In total, 12 studies were initially retrieved, of which 2 studies with overlapping data, 5 studies that did not meet the inclusion criteria were excluded, leaving 7 studies that were used to perform subsequent microRNA screening of microarray data [7, 12–17]. In the included studies, 5 studies focused on keloid, and the other two studies on hypertrophic scar, involving a total of 141 different miRNAs. In 93 up-regulated miRNAs, 17 significant miRNAs were reported in at least 2 studies. Interestingly, two miRNAs, including miRNA-31 and miRNA-214, were detected by 4 studies, indicating that the both miRNAs are the common regulation factor of fibrotic disease, and may play an important role in keloid scarring (Figure 1A, 1B).
Figure 1: Combined analysis of previous miRNAs microarray studies. (A), 93 up-regulated miRNAs in seven studies; (B), frequency of different miRNAs in various studies.
The expression of miRNA-31 was further validated by qRT-PCR in the skin biopsy samples of 15 keloid patients and 15 healthy controls. The results showed that the level of miRNA-31 was increased more than 3 folds (Figure 2A). In addition, we also explored the expression of miRNA-31 in keloid-derived fibroblasts and normal human fibroblasts, which was consistent with our combined analysis of previous microarray results (Figure 2B).
Figure 2: The expression of miRNA-31 in tissues and cells. (A), keloid tissue and healthy control tissue; (B), keloid-derived fibroblasts (KDF) and normal human fibroblasts (NHF).
Bioinformatics analysis and functional prediction of miRNA-31
TargetScan, PicTar and miRanda were used to predict the target genes of miRNA-31. The result showed there were 114 predicted target genes of miRNA-31 in all of the three programs.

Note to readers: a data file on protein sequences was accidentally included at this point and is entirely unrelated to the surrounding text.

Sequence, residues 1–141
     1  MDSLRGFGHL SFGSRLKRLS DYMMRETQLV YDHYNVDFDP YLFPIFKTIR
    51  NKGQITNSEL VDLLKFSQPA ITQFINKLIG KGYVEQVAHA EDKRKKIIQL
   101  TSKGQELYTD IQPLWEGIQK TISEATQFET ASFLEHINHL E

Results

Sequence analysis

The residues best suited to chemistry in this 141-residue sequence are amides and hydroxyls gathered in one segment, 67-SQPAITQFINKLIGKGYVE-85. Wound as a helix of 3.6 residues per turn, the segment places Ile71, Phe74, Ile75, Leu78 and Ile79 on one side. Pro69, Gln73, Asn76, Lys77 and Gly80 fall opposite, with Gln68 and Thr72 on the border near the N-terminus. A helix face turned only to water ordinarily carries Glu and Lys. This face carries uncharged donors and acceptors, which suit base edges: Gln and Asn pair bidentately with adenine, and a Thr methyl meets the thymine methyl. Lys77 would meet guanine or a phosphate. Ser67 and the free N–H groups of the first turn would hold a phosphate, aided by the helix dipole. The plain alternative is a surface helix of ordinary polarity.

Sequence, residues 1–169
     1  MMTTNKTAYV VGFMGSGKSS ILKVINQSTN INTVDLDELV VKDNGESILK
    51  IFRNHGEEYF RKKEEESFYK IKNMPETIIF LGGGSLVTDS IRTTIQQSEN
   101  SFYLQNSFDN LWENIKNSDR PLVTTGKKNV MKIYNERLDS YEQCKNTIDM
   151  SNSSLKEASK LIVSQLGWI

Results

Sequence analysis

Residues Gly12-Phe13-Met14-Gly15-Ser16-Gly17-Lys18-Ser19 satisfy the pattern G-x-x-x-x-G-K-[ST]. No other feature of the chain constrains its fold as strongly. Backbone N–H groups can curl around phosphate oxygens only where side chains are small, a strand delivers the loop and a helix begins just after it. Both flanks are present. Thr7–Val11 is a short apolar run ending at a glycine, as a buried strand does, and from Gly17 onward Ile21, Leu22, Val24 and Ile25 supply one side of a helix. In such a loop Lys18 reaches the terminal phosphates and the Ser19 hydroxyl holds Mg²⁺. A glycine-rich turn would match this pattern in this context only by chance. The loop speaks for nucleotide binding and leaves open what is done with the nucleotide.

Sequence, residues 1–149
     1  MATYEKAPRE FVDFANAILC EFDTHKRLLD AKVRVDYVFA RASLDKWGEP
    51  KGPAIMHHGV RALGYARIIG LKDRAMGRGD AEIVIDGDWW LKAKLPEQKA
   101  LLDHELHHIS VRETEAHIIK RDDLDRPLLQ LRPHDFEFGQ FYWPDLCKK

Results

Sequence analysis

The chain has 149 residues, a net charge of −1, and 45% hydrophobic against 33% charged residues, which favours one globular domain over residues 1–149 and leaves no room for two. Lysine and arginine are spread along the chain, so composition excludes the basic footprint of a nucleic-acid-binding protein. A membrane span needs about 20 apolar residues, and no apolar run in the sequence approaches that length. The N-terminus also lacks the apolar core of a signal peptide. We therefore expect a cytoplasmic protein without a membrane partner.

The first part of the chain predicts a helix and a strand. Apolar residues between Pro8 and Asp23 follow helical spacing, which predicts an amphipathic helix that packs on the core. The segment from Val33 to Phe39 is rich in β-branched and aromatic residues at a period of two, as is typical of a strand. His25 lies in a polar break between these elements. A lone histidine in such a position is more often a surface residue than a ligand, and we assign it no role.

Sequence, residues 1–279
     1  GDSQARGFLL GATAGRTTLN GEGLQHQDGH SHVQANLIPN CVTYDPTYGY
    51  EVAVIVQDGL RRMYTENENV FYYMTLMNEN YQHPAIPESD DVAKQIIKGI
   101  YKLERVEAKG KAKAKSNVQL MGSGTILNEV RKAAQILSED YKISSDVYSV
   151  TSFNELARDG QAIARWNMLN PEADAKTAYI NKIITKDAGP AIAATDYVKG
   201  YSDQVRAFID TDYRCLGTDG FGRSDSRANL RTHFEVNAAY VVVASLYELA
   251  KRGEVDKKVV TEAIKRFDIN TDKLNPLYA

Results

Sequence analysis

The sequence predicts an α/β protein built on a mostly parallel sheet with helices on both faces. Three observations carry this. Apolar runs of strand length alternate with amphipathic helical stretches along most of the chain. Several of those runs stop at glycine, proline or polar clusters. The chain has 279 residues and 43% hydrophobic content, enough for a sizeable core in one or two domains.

According to GO and KEGG pathway analysis using DAVID, most of these target genes were enriched in the biological process of binding, cellular process, regulation of cell part. They were mainly related to a series of biological processes, such as FGF signaling pathway, EGF receptor signaling pathway, angiogenesis and Wnt signaling pathway (Figure 3A, 3B).
Figure 3: Bioinformatic analysis and functional prediction of miRNA-31. (A), GO analysis of miRNA-31 target genes; (B), KEGG pathway analysis.
Downregulation of miRNA-31 decreases proliferation, induces apoptosis and inhibits cell cycle of keloid-derived fibroblasts
miR-31 inhibitor and relevant negative control were transfected into keloid-derived fibroblasts. The proliferation of fibroblasts was measured by CCK ‑8 assay. The result showed miR-31 inhibitor significantly inhibited fibroblasts vitality than negative control (Figure 4A). The effect of miR-31 on S phase of cell cycle progression was verified using EdU assay (Figure 4B, 4C). EdU staining demonstrated that miR-31 inhibitor treatment significantly suppressed DNA synthesis of fibroblasts than negative control treatment, and inhibited proliferation of fibroblasts, as demonstrated by CCK-8 assay.
Figure 4: Effect of miRNA-31 on cell proliferation ability of keloid-derived fibroblasts using (A), CCK8 assay; (B,C), EdU assay. NC, negative control.
Cell apoptosis and cell cycle were detected by flow cytometer. The apoptosis rate was upregulated when fibroblasts were transfected with miRNA-31 inhibitor (Figure 4A, 4B). The results of cell cycle demonstrated that the cellular proportion in G0/G1 phase in miRNA-31 inhibitor group was increased to 78.8% (Figure 5C, 5D).
Figure 5: Effect of miRNA-31 on (A, B), apoptosis and (C), cell cycle of fibroblasts. NC, negative control.
HIF1AN is the target gene of miRNA-31 in keloid-derived fibroblasts
Through the query in the TARGETSCAN database (http://www.targetscan.org, Version 7.1), we predicted that there was a consequential pairing between miRNA-31 and binding sites in the 3’ UTR of the gene HIF1AN (Figure 6C). Luciferase reporter assays were performed to validate whether HIF1AN expression was indeed a direct target of miRNA-31. Results showed that miRNA-31 inhibited luciferase activity in fibroblasts with the wild-type HIF1AN 3’-UTR reporter plasmid carried (Figure 6D). Indicating that miRNA-31 directly binds to HIF1AN 3’-UTR at the predicted binding sites.